How to Grow Peas - Part 1DOWNLOAD FILE
May 31, 2016
Peas (Pisum sativum)
- Family: Fabaceae (Legumes)
- Season: Cool
- Ease of growing: Easy
- Fertility needs: Low
- Water needs: Low
- Common propagation: Seed
- Germination temperatures: 40°F to 85°F
- Germination time: 6 to 17 days
- Viability: 3 years
- Direct sow: April (spring crop); August (fall crop)
- Spacing: 1” to 2” in 3” band; trellis rows 4’ to 6’
- Plants per square foot: 8
- Succession sow: every 2 to 4 weeks
- Days to harvest: 50 to 70 days
Peas include shelling types, snap peas, and snow peas. Some varieties have smooth seeds; others have wrinkled seeds. The wrinkled seed varieties produce sweeter peas and are usually planted in the spring. The smooth seed varieties contain more starch and are hardier, so they are usually planted in the fall. You can purchase both tall and short varieties. Tall ones reach a height of 6 feet, while the short ones grow to around 2 feet. “Afila” types have many tendrils but few leaves, and thus don’t need trellising as they cling to neighboring plants. These types are also easier to hand harvest due to their more visible pods.
Preparation and planting
Peas are a cool season crop and tend to perform best with early spring plantings, although fall plantings are possible. They perform best on well drained soils with pH above 6. Although peas have low N requirements, they often benefit from P and K additions before planting. Because you can sow seeds early in the spring, it is best to prepare the soil the prior fall. Soak seeds for 24 hours to hasten germination.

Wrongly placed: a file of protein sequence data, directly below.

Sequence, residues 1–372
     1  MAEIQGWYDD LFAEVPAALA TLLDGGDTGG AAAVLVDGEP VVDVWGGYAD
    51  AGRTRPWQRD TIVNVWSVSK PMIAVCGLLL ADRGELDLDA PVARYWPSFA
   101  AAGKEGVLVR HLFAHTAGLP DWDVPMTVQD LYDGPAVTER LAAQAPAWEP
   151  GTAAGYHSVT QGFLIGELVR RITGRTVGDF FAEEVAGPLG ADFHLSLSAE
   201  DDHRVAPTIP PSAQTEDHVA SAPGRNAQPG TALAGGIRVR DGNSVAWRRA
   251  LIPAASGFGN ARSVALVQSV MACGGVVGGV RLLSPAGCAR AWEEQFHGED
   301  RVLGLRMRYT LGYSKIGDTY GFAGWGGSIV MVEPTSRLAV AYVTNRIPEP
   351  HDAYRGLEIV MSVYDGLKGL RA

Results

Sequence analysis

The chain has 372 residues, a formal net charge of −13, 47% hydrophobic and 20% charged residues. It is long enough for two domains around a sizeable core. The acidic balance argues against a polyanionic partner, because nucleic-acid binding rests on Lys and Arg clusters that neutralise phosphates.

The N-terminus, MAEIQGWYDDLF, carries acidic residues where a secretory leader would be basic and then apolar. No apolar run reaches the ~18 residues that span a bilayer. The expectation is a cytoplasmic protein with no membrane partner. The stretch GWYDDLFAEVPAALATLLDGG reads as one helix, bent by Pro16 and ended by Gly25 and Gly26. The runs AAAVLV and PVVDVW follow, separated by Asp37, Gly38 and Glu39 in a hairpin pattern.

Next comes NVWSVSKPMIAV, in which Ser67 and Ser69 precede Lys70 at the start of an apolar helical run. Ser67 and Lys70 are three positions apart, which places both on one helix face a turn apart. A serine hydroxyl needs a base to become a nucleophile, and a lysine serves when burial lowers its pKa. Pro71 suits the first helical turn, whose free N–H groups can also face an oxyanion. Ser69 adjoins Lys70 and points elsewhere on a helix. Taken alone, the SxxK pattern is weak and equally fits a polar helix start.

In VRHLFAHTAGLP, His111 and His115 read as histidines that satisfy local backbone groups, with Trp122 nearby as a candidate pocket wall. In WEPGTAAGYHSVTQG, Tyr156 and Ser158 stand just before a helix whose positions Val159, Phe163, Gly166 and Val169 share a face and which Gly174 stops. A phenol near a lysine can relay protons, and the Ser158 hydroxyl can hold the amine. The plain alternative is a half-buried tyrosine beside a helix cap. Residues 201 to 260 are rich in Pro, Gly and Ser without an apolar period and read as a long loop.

Tall varieties need support when they reach 3 inches tall for optimal production. If mulched, peas will rarely need watering early in the spring. The covering will also help to keep the soil cool.
Insects: Cutworms, armyworms, leafhoppers, aphids, mites, pea weevils
Diseases: Powdery mildew and damping-off
Harvesting and storage
Harvest garden peas for green shell use when the peas have filled the pod but before the pod starts to deteriorate. Peas are usually ready to harvest about three weeks after they blossom. Pick sugar snap pea pods when they are full-sized and contain large peas. Pick snow peas when the pods have formed but the peas are just beginning to form little bumps. If peas are left on the plant, the sugar in the seeds will convert to starch. This also happens after you remove the pod from the vine, so use or process peas immediately after picking.
Developed by James Manning, Undergraduate Research Assistant, and Daniel Brainard, Vegetable Extension Specialist; MSU Department of Horticulture; Gary Heilig, MSU Extension educator.